Estate administration with assets in Denmark

Estate administration with assets in Denmark

These days we more and more often meet transnational inheritances and estates, as our clients also move more often to other countries or acquire a summerhouse or other assets in different countries. In this article, we would like to present you with an overview of how inheritance and estate administration is regulated in Denmark, in case you are currently living in Denmark, have assets in Denmark, or perhaps you have a relative with residence and/or help in Denmark.

Written by Carme Pérez Cot, lawyer at Ret&Råd Glostrup

In these cases, the first thing to do is determine what set of national rules will apply to the estate and estate administration. Depending on the countries involved, it can be challenging to decide what restrictions to use and understand these rules, mostly if no will was made. The procedural rules and devolution rights may differ significantly from one land to the other.

Especially when having a residence or assets in different countries, we always recommend our clients make a will to secure their heirs in the best possible way. Under the inheritance applicable laws from their home country, they probably comprehend best.

What you should know:

  • The starting point in Denmark is that a deceased person’s estate shall be administered in the country where the dead was resident at the death time.
  • If the estate is administered in Denmark, the Danish authorities will be most prone to apply Danish law to the inheritance. Thus a choice of law may not be taken into consideration in such a case.
  • If a person dies without making a will, the rules of the Danish Inheritance Act will apply.
  • The Danish Inheritance Act establishes a priority order in the succession line. Spouse and children (biologic and adoptive) of the deceased belong to group 1 and are first to inherit. Parents, siblings, and nieces/nephews of the dead are group 2, and next to inherit. Grandparents, aunts/uncles of the deceased are group 3, and the last group to inherit.
  • If a person makes a will, she or he cannot decide ultimately freely on the distribution of her/his estate, as ¼ (or 25%) of the estate will be considered forced inheritance (“tvangsarv”).
  • Depending on whether the deceased person made a will or not and the estate’s value, the estate can be administered in different ways.
  • Sometimes the heirs can agree on administering the estate in Denmark if the connection with Denmark and the estate is strong enough – although this will require special permission from the Danish Ministry of Justice.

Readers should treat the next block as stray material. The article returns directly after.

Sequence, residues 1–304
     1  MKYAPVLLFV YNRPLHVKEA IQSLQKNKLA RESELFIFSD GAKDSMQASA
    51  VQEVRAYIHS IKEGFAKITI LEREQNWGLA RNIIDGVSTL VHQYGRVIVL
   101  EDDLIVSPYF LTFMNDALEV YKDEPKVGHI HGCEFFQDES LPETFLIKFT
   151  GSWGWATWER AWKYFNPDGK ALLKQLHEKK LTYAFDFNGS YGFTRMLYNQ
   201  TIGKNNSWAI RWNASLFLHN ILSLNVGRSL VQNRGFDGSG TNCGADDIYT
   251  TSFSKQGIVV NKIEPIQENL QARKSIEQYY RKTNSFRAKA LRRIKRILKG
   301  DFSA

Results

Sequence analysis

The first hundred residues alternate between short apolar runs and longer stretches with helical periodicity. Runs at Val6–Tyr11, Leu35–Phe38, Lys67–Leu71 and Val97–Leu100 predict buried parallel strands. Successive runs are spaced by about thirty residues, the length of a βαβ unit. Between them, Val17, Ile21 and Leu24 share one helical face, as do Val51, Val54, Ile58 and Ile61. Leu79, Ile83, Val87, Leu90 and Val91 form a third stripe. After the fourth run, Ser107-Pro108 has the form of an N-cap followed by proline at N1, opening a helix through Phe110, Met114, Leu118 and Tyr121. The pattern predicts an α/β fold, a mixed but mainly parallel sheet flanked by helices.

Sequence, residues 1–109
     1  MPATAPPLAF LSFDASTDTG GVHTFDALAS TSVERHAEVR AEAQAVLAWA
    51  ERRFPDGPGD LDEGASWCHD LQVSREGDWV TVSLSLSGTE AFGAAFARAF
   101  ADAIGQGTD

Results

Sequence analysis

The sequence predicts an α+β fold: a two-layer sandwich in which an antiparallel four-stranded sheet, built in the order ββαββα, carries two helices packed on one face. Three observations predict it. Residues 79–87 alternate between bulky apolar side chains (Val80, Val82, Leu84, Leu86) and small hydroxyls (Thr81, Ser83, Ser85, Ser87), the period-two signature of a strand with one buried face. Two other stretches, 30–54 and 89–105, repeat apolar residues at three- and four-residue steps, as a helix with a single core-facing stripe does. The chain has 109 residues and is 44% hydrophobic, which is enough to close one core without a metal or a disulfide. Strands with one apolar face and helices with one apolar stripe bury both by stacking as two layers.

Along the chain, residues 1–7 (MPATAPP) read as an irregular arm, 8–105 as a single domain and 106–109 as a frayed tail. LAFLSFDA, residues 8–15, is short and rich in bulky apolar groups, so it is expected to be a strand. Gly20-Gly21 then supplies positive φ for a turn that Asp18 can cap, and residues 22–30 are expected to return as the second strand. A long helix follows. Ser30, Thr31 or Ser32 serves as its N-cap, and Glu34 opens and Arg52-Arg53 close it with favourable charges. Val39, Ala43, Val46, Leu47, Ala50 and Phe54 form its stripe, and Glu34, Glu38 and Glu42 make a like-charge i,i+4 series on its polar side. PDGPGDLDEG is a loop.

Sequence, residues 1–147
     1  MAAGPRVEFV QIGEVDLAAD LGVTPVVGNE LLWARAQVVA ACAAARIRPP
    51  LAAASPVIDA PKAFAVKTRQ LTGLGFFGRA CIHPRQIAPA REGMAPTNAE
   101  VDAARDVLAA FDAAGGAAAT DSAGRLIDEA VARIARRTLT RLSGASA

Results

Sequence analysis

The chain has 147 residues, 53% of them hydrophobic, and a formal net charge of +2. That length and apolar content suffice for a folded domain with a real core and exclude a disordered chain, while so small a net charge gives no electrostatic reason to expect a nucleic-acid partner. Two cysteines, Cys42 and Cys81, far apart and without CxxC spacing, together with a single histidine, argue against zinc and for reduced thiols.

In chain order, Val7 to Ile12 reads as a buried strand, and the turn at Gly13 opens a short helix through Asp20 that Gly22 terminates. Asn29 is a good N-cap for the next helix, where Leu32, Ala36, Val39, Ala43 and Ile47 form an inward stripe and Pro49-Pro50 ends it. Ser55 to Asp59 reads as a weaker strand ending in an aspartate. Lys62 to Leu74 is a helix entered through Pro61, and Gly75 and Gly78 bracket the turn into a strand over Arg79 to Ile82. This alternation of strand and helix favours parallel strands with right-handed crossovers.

• Inheritance tax has nothing to do with administration and substantive rules. The heirs will be taxed in the country where the estate’s administration occurs, potentially in the country of the source (the country where the estate assets come from). In some cases, the heirs can also be taxed on the inherited taxes’ interests if they live in a third country.
  • Inheritance distribution, administration of the estate, and inheritance tax are regulated in different Acts in Denmark. The law that governs the distribution of the estate and inheritance rights in Denmark is the Danish Inheritance Act (“Arveloven,” “AL”). The Administration of Estates Act (“Dødsboskifteloven,” “DSL”) regulates the procedural aspects of administering an estate in Denmark. These sets of rules do not restrict, however, inheritance taxes. Inheritance tax is regulated separately under “Boafgiftloven” (“BAL”) and “Dødsboskatteloven” (“DBSL”).

Estates with or without will

If you have particular wishes regarding how the estate should be distributed among your heirs, and you want to make sure that your wishes can be legally enforced, you should make a will. Otherwise, your estate will be distributed after the rules established by the Danish Inheritance Act.

How will this affect the distribution of my estate and the rights of my heirs?

Estate devolution rights, cf. sect. 1-4, AL

In case a person dies without making a will, the rules Inheritance Act rules will apply. The Danish Inheritance Act establishes a priority order in the succession line based on the legal heirs’ division in three different groups (“arveklasser”). Heirs belonging to group 1 will be the first to inherit after the deceased. If there are not family members of group 1, heirs from group 2 will inherit. If there are no family members from group 2, heirs from group 3 will inherit. If there are no heirs from group 3, the Danish State will inherit.

Spouse and children (biologic and adoptive) of the deceased belong to group 1.

Parents, siblings, and nieces/nephews of the deceased are group 2.

Grandparents, aunts/uncles of the deceased are group 3.

If you die leaving a spouse and children, the estate is divided by 50% to the spouse and 50% to the children. The children will divide their 50% among them into equal parts.

Forced inheritance rights, cf. sect. 5, AL

In case a person makes a will, she/he cannot decide ultimately freely on the distribution of her/his estate, as ¼ (or 25%) of the estate will be considered forced inheritance (“tvangsarv”).